Thursday, September 23, 2010

urban belly

i've always wanted to try this petite restaurant located on north california avenue since last year: urban belly. i've heard a lot of good things about the food at this noodle shop owned by chef william kim namely for their ramen and their dumplings.


when urban belly was recently featured in bon app├ętit's restaurant issue magazine where they are listed as "delicious cheap eats in chicago", i was determined to go last weekend with ryan when he was here in chicago for a visit.  ryan was happy to comply and i was uber excited about our saturday night plan at urban belly :)




located in a residential area, one could miss the restaurant if they weren't paying attention. when we were driving to find the place, we drove past it and at a glance i thought it was closed because the outside was dimly lit. there were a small parking lot just outside the entrance and when we turned around, we saw that it was actually opened and had a considerable crowd on a saturday night. if you are wondering, urban belly is closed on mondays and open the other six days from 11am to 9pm.


walking into the shop, it wasn't quite what i expected. the decor was minimal and there were four large communal tables at each corner of the room with ample space to walk towards the counter at the back. there were some utensil and tap water stations around where you could get  yourself a drink of water. the way urban belly works is similar to corner bakery - you place your order at the counter, pay for your food, get your table tent/order number, and find a spot at the communal table and wait for the food to be served.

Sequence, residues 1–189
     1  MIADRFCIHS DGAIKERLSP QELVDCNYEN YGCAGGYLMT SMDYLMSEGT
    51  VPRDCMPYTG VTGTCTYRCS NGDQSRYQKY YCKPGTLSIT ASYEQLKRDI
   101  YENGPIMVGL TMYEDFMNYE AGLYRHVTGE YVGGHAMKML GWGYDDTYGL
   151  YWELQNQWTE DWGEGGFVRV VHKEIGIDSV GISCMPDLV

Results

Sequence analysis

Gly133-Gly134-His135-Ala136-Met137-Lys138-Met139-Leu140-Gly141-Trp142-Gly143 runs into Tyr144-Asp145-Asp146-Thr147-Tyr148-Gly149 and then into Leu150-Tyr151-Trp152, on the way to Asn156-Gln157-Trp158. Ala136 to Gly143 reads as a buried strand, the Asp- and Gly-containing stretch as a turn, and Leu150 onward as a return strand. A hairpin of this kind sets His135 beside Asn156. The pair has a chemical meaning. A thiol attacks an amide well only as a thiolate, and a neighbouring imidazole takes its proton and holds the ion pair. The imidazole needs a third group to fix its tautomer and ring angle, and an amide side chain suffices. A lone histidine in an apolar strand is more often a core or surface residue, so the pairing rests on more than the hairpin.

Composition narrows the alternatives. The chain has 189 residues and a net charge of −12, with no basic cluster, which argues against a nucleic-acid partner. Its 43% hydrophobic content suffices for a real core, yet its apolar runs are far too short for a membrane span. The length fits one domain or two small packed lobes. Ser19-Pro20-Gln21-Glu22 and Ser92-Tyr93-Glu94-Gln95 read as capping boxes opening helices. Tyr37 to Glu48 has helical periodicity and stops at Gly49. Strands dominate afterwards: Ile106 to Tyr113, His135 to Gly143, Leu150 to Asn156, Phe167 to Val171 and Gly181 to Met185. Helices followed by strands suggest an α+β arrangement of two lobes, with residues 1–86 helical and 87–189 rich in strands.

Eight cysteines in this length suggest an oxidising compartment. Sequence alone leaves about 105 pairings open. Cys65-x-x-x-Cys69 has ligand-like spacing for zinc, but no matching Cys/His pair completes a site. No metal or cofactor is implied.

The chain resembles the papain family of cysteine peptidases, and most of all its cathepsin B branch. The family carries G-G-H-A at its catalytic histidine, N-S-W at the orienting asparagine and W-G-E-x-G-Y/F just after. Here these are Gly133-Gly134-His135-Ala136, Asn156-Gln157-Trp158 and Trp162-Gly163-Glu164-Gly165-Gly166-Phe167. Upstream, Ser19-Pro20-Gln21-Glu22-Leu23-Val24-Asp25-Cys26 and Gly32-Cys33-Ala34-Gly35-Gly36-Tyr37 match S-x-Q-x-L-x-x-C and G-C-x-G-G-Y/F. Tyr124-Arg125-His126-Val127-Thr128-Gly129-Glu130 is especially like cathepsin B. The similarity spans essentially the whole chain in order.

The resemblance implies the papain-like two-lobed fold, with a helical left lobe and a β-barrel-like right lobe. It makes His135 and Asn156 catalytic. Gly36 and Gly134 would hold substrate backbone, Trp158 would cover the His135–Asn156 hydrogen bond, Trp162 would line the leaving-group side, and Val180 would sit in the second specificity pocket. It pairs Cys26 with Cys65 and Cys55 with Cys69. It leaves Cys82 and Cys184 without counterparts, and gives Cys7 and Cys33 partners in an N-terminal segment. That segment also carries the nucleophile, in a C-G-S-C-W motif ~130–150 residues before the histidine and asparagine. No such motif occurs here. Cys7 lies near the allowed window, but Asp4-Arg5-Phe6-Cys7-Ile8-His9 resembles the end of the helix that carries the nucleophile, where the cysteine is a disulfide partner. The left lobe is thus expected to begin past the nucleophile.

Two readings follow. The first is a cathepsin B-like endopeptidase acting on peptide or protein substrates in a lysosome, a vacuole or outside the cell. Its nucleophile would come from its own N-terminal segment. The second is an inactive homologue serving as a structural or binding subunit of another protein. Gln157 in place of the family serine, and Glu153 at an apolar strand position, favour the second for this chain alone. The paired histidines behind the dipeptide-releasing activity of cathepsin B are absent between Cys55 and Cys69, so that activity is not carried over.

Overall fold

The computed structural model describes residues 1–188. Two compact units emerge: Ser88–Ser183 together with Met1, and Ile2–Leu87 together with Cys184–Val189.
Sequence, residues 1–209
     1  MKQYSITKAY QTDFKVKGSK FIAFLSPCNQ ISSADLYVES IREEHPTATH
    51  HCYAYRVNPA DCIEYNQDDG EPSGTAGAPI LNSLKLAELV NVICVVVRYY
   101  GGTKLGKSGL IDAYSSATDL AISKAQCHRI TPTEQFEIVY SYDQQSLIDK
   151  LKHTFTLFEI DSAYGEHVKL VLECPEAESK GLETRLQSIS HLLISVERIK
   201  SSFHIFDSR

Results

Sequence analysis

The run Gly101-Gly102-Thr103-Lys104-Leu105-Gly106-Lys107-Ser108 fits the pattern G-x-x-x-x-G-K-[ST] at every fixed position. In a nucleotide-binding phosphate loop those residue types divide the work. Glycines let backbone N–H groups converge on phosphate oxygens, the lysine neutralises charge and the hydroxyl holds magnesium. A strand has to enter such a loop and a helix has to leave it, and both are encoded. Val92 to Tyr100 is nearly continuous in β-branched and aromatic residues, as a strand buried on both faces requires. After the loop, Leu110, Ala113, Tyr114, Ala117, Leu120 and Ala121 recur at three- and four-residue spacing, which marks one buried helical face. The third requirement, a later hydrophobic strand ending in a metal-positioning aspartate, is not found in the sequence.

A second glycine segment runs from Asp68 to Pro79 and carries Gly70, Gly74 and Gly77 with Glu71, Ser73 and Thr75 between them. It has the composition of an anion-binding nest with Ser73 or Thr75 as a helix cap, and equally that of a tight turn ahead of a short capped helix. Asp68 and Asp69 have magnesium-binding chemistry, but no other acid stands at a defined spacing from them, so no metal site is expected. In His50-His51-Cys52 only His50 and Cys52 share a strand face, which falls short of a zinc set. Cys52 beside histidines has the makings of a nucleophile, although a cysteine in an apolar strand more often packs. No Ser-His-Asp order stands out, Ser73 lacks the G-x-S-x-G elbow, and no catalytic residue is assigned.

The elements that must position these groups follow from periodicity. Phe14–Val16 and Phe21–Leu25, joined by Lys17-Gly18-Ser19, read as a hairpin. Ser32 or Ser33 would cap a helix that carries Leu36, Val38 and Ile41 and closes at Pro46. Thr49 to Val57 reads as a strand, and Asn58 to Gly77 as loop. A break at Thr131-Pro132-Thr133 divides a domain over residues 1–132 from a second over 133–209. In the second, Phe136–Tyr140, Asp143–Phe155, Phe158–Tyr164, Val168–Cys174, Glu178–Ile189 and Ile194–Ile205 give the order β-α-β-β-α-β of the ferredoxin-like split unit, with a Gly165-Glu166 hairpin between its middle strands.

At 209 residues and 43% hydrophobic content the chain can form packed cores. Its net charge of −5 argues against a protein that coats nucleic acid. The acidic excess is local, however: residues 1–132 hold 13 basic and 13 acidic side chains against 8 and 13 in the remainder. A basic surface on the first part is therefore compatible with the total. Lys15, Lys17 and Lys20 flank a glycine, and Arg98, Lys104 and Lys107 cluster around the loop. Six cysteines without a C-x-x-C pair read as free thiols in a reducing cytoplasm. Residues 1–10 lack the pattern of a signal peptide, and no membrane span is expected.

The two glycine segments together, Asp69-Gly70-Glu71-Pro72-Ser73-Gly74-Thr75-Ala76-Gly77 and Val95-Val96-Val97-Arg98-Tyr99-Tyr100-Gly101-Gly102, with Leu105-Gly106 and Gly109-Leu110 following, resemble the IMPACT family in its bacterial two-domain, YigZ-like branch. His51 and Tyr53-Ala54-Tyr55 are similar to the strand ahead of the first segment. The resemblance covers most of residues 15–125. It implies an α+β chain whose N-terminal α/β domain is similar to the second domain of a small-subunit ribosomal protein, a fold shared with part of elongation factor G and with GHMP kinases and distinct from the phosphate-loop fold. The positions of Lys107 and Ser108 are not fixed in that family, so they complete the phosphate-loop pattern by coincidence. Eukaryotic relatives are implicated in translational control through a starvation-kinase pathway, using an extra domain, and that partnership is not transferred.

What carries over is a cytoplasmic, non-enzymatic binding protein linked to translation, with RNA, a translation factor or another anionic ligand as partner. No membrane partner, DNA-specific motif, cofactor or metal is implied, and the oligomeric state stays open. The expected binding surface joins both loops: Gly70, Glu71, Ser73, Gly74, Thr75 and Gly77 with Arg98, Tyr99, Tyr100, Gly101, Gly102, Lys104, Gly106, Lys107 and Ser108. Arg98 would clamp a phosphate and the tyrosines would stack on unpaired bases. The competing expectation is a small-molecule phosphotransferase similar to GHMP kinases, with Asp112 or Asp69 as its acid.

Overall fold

the menu at urban belly isn't extensive but is varied to keep most appetites satisfied. all their dishes are asian flavors with a twist. occasionally, they also offer a special dish that they would display on the board behind the counter if you wanted to try something else besides what they have in their regular menu.



seasonal kimchi ($4)
we started off with urban belly's take of kimchi. ryan and i are lovers of good kimchi and wanted to see how this fares against our favorite.


their seasonal kimchi was a mix of cucumbers and cabbage slices. my first bite of the cucumber was a hint of sesame oil and the chilli powder that was sprinkled over the top. then i slowly dug through the pile of cucumbers to get a piece of the cabbage which was at the bottom of the bowl which tasted more of the traditional kimchi.  when ryan had his first bite of cucumber, he was skeptical about the whole meal since it didn't taste anything like kimchi and gradually began to find the familiar flavors closer towards the bottom of the bowl. this mild kimchi is definitely a good introduction to kimchi for people who has never had kimchi before but has enough of the familiarity of flavors to satisfy some kimchi lovers.

urbanbelly ramen | pork belly, shiitake and pho broth ($13)